Brands want to own the SERP (Search Engine Results Page) through integrated search, but how can they achieve this with increasingly search savvy competition? Nick Beck, Managing Director of Tug, offers some creative tips to help get the most out of integrated search campaigns.
It has been almost four years now since iCrossing & Neilsen released their research on integrated search which, back then, was PPC combined with SEO. Did it improve clicks, time spent on site and conversions? Yes it did. We had something but we were unsure then quite what to do with it or where it was going.
The theory was to optimise keywords and address multiple search intentions between paid and natural listings. Simple.
Now let’s fast forward to 2010. We have even more fragmented online channels to integrate with SEO and PPC. Think online PR, social media and shopping specialists.
These channels are being used strategically to help brands own the SERP. The Holy Grail of search marketing.
Search engines are still the main source of brand and non brand information. Brands are extending their search engine footprint for brand, as well as competitive non brand terms.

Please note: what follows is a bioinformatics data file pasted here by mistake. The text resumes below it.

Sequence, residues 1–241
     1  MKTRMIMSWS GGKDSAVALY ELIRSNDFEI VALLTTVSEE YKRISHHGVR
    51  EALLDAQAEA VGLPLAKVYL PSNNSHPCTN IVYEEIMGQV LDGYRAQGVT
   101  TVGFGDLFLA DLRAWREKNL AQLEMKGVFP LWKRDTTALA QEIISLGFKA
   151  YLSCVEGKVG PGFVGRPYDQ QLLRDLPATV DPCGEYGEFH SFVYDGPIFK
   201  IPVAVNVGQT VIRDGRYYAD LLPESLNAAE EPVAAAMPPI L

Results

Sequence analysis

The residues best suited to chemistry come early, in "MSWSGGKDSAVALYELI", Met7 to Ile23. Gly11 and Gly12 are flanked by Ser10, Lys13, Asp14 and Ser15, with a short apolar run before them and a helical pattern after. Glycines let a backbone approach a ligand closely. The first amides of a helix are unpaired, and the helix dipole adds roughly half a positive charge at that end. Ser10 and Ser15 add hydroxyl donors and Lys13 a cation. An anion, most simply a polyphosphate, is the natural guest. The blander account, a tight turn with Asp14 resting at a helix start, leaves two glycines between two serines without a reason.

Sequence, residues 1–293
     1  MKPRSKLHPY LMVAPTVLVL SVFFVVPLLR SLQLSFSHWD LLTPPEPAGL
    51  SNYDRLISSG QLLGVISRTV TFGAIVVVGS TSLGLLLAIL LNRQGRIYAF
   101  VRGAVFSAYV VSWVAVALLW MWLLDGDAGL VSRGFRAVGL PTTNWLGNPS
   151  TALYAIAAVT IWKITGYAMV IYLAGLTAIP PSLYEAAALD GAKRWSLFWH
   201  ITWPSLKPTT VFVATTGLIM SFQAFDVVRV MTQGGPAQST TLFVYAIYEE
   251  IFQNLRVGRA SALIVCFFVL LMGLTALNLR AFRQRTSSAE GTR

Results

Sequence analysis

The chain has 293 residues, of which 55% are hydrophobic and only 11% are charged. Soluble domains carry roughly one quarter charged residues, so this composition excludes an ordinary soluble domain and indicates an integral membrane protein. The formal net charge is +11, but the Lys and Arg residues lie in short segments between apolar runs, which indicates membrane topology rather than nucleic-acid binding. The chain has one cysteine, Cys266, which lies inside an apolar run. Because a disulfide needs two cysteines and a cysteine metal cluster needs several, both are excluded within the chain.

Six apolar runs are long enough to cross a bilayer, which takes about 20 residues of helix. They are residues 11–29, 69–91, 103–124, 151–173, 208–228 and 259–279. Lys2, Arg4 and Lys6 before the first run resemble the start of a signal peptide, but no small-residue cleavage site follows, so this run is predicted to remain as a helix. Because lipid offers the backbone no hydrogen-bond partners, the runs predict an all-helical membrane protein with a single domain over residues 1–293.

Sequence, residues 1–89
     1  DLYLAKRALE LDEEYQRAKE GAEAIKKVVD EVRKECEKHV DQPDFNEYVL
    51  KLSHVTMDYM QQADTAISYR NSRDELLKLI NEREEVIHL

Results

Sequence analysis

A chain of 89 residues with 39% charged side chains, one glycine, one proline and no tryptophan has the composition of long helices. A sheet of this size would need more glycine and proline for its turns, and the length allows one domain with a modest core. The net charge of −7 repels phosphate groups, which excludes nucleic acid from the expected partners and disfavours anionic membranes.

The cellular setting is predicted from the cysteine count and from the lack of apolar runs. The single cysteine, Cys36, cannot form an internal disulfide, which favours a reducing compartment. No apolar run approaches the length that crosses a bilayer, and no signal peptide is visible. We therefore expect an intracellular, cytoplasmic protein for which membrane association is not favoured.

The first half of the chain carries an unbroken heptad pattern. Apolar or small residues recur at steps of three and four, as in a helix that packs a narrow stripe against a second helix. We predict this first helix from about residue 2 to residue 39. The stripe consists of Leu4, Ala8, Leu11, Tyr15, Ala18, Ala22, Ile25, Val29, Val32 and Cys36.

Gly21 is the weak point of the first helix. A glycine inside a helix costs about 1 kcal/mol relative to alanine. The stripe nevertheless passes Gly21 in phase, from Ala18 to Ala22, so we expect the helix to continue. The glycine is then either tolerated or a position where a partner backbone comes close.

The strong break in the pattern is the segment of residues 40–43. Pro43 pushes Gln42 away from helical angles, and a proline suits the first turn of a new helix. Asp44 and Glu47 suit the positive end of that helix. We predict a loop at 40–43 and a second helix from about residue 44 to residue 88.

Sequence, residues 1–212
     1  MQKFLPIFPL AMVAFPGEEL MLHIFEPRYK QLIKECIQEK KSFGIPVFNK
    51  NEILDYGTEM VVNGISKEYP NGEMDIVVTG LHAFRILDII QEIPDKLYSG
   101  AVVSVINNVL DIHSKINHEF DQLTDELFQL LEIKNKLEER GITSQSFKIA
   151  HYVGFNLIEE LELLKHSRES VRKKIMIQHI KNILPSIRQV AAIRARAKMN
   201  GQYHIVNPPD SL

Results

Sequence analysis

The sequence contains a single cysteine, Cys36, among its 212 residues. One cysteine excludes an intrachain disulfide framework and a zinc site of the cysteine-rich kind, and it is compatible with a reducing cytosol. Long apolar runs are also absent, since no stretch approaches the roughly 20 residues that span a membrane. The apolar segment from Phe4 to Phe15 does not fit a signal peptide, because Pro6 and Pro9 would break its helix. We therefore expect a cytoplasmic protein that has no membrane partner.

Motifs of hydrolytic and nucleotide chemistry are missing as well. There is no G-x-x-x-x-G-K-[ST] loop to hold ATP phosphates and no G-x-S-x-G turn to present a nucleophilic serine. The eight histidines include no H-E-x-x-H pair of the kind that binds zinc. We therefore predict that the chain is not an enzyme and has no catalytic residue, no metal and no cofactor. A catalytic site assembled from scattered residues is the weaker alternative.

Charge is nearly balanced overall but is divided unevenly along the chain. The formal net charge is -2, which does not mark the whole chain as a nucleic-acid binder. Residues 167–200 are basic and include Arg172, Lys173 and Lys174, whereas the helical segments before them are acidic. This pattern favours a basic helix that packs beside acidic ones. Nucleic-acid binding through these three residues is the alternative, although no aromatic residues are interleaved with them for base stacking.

M&S is starting to get this right. Search for a non brand term like sofa and you’ll see three listings for the M&S brand through SEO, PPC and product feeds. That’s 3 hits compared to just one for other sofa retailers, including their closest competitor John Lewis. That’s three more chances to grab that sale. They’re starting to own the SERP.
There are ways to do this through PPC & SEO messaging and SEO link building but the clever brands are integrating news and online PR with product feeds and social media.
Legoland asked us a while back to use integrated search to raise awareness of its Discovery Centres. Competition for family days out is fierce and Legoland wanted to own the SERP for the lucrative family market with 3-10 year olds.
It was done through a combination of PPC, SEO, social media, blogger outreach, competitions and product feeds. Ticket sales increased as a result.
The point is that search engine marketing is moving into new areas and brands are becoming more aware of the possibilities and options available. Companies like M&S and Legoland know that if they want to make major returns from their online activities they’ve got to make an eye catching impression on the search engines.
Just like their stores command the prime positions in high streets and shopping centres the big brands want the same “shop front” position online.
They now understand the importance of platforms like social media and online PR. You can bet that they’ll be looking closely at the competition and, just like they want the biggest and brightest shop in the high street, they want control of the online marketplace too.
Search marketing professionals need to be highly creative in their approach if they want to retain or attract those big name clients.